It’s the Porsche of motorcycle helmets. Australian startup Forcite is transforming motorcycle safety with its revolutionary AI-powered smart helmet. The company is expanding into lucrative overseas markets and executing a full scale retail launch after selling out in a pre-order stage. Chief Executive Officer and Co-founder Alfred Boyadgis shares insights into Forcite’s success and the road ahead.
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1. What inspired you to develop your idea?
In 2013, I experienced a motorcycle accident, hitting the ground hard and injuring my knee. Realising I could have come off worse, after teaming up with Co-Founder Jay Chow, we wanted to make technology that could predict road events ahead of time and protect the rider. Hence the name of the company, Forcite.
2. How have your priorities changed from when you first started?
In the beginning, Forcite was more of a wearable tech company and did not have our own products, through years of experimentation and learning, we took the plunge and launched our own product in 2018 and never looked back.
3. Knowing what you know now, is there anything you would have done differently when you were first starting out?
You’re a startup, be adventurous, take risks it’s what it’s about. Even if something isn’t finished, get to revenue as fast as you can and create as much noise as you can. The community of customers you build is vital.
4. What challenges did you have to overcome at the beginning of your journey?
Starting out you have no money, you just quit your job, this whole pitching thing is totally new. And honestly, it’s super scary, you just need to Focus on getting from 0-1 and the answer is out there somewhere, so put together what you have the best you can and then go out and let people rip you apart on feedback. Feel terrible. Get up. Do it again.
Over time this becomes second nature and every time it gets clearer and clearer. More often than not the door is never really closed it’s why investors say “pass for now”. Many of those doors re-opened and we eventually got some funding to push forward.
Eventually, for a few that have the grit and the passion, it becomes the best decision you will ever make in your life and you will show up every day with a smile on your face and want to keep working on what you’re doing forever.
5. What entrepreneurial tricks have you discovered to keep you focused?
The art of “just enough” you don’t want your product to have too few features and you don’t want it to have too many. I often spent time in the early days focusing on jamming things with more when the obvious answer was less.
The secret formulae are no secret really but to spell it out:
Fall in love with the problem, not the solution, understanding is key;
Put a red line through every idea but the top 2-3 features;
Out of those 3 features which one is new and different, put a big red circle around that;
Polish, good graphics, clean brand, good communication, practice the pitch your the CEO of the next big thing time to look the part;
Understand the COGS.
Often you only need to focus on the one big thing you’re going to do and prove it with revenue. All the other stuff is noise.
6. What advice would you give to someone who is trying to become an entrepreneur?
Don’t take yourself so seriously. It’s hard so have fun with it, learn to enjoy the little wins and pitching isn’t scary the people watching you want you to make innovation happen. So be confident, make some wild claims, say you don’t know everything but NEVER lie.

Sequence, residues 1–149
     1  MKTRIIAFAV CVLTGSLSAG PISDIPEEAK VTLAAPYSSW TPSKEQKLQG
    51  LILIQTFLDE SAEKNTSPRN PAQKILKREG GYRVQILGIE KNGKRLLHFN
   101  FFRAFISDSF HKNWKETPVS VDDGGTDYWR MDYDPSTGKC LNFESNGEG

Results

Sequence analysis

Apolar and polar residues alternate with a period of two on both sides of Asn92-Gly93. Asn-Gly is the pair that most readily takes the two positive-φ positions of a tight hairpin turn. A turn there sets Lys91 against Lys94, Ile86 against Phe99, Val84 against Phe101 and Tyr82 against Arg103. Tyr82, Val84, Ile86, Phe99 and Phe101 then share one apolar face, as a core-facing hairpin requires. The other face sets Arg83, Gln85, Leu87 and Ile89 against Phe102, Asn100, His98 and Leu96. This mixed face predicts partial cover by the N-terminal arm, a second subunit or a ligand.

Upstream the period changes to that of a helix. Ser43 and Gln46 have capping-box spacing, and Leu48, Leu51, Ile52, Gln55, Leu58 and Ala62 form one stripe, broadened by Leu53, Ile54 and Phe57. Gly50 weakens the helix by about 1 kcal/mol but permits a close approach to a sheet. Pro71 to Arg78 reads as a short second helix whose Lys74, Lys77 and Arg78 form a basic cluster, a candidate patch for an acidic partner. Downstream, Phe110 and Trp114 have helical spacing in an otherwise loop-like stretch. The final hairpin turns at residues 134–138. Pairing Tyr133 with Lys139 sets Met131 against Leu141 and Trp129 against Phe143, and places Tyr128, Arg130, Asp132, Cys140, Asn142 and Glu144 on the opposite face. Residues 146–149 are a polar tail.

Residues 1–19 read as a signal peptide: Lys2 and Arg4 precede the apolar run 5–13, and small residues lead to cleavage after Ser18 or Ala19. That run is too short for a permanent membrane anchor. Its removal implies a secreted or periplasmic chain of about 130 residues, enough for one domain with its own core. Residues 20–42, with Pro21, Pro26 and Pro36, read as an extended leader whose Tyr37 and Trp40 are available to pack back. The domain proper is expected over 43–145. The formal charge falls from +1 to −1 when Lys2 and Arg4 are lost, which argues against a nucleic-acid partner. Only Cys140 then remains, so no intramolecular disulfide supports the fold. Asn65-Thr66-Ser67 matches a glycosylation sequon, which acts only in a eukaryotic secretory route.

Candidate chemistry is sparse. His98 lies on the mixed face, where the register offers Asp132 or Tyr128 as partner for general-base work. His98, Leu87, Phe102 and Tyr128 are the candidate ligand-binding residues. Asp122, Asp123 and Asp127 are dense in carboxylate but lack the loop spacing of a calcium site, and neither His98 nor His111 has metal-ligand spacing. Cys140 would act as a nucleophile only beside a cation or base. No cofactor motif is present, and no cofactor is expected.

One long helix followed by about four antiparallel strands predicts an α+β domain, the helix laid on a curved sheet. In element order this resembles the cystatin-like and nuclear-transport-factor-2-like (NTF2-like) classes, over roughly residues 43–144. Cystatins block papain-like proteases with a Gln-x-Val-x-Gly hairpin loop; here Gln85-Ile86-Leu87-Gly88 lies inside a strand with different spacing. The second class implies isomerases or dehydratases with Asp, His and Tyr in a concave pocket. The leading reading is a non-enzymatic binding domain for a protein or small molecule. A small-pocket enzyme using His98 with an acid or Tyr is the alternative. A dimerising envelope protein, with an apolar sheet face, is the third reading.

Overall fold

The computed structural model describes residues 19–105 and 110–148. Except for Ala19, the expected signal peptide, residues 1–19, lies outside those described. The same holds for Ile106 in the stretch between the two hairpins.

There is always another deal and you will forget all about it in a few weeks of just moving forward in a stronger way.
“No matter who they are in the business, we all win together and we all lose together.”
7. How did you establish your culture?
I’m lucky to have hired a team of people who are super passionate about what they do and are very positive. We hired people who were different to others that worked here but had the same enthusiasm for the industry as we did.
We don’t hide in an ivory tower here we are all in the same room and are honest to everyone no matter who they are in the business, we all win together and we all lose together. BBQ’s on Fridays, Motorcycle rides and talking with prolific designers and experts in their given fields is not a shabby place to work,
Forcite isn’t your 9-5 gig, We all just work in our own ways and hours, none of us gets overtime but on average we all work around the clock so we all can celebrate those big wins, it’s super high paced and different to a large corporation.
“There is no dollar amount for a customer loving your product and raving about it.”
8. How do you define success?
Giving something to the planet that would not be there if it wasn’t for you and people who bought it or bought into it saying their life is much better for it.
There is no dollar amount for a customer loving your product and raving about it.
9. What have you enjoyed most about starting your own company?
Watching the company and the following grow rapidly off something that most people said simply was not possible to do. As a young company, we have met people on our journey that as a uni student I never would have imagined meeting in my lifetime.
10. What are you working on now?
How our technology moves out of helmets and solves other problems for motorcycle riders, drivers and other road users.
“Forcite will make the infrastructure to keep riders safe in the future and we could be making our own vehicles one day.”
11. How do you see your company evolving over the next 10 years?
I see Forcite as a Technology company first and foremost, Forcite will make the infrastructure to keep riders safe in the future and we could be making our own vehicles one day.